Impact for Change: Why Business Impacts Matter?
Swazi sewing shop might seem a surprising place to see the impacts of big business first hand. But it’s where I found myself one morning in 2013, travelling as a guest of a big global brand. The smiling owner opened the door to us. She was smartly dressed, and rightly proud of the enterprise she’d grown. I’ll never forget the noise of her workshop. About two dozen women were hard at work, mostly from the local village. They were producing uniforms for the factory owned by our client down the road.
This struck me as somewhat unusual. Most multinationals I know have global procurement practices. They have worldwide standards. Most negotiate things like uniforms from a tiny handful of global suppliers. Not in this village in Swaziland. One proactive local manager knew about the local sewing shop, and inquired as to whether they could make uniforms. The standards were checked. The cost – once transport was factored in – turned out to be competitive. And so a relationship was born from a decision to source locally. The impact on the business has been great: cheaper uniforms produced by people they know they can rely on. The change for the local economy has been even more profound.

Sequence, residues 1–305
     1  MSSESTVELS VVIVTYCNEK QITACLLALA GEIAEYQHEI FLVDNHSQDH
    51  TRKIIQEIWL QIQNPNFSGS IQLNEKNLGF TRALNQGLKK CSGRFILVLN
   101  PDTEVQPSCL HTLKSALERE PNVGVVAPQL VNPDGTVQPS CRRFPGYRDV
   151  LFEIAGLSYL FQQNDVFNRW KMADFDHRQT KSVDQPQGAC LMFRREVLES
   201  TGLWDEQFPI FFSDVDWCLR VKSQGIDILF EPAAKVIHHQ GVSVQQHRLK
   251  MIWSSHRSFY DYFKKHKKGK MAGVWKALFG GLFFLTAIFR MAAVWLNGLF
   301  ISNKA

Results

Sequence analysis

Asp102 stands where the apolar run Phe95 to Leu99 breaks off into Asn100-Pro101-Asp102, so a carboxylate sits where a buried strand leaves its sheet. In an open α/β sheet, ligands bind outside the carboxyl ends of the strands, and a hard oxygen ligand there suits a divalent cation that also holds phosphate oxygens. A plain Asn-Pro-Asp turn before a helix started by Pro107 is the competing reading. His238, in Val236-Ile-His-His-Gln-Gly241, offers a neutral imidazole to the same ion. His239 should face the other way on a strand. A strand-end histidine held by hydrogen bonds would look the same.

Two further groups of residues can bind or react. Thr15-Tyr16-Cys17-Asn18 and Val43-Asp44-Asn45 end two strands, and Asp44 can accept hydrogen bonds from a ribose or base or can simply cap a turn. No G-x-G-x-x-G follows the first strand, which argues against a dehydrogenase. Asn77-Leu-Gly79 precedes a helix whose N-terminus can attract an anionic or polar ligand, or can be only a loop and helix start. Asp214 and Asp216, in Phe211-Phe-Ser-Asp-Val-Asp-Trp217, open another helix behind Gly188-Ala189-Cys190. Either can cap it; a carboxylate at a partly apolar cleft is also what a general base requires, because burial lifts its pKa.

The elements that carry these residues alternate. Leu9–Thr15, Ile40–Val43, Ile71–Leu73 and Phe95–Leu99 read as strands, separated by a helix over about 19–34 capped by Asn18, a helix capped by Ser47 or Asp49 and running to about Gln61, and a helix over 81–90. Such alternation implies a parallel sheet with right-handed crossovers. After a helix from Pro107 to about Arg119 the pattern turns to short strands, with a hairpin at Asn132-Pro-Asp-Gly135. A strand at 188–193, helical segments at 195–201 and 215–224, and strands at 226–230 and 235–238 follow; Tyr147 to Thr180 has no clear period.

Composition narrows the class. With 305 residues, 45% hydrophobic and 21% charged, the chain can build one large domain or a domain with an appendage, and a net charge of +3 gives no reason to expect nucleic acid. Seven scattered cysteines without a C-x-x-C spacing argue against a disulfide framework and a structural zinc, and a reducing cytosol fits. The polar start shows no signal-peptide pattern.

Amanda Jordan is a founding Director of Corporate Citizenship, a global management consultancy specialising in sustainability and corporate responsibility. Amanda’s career has spanned the NGO, government and business worlds. She has focused on partnership development between the sectors in both emerging and established economies. In addition to her varied client experience she has written and presented on issues related to responsible business practice and self-regulation. In the UK she was Chair of IWF the self-regulatory body for the internet industry and a banking regulator.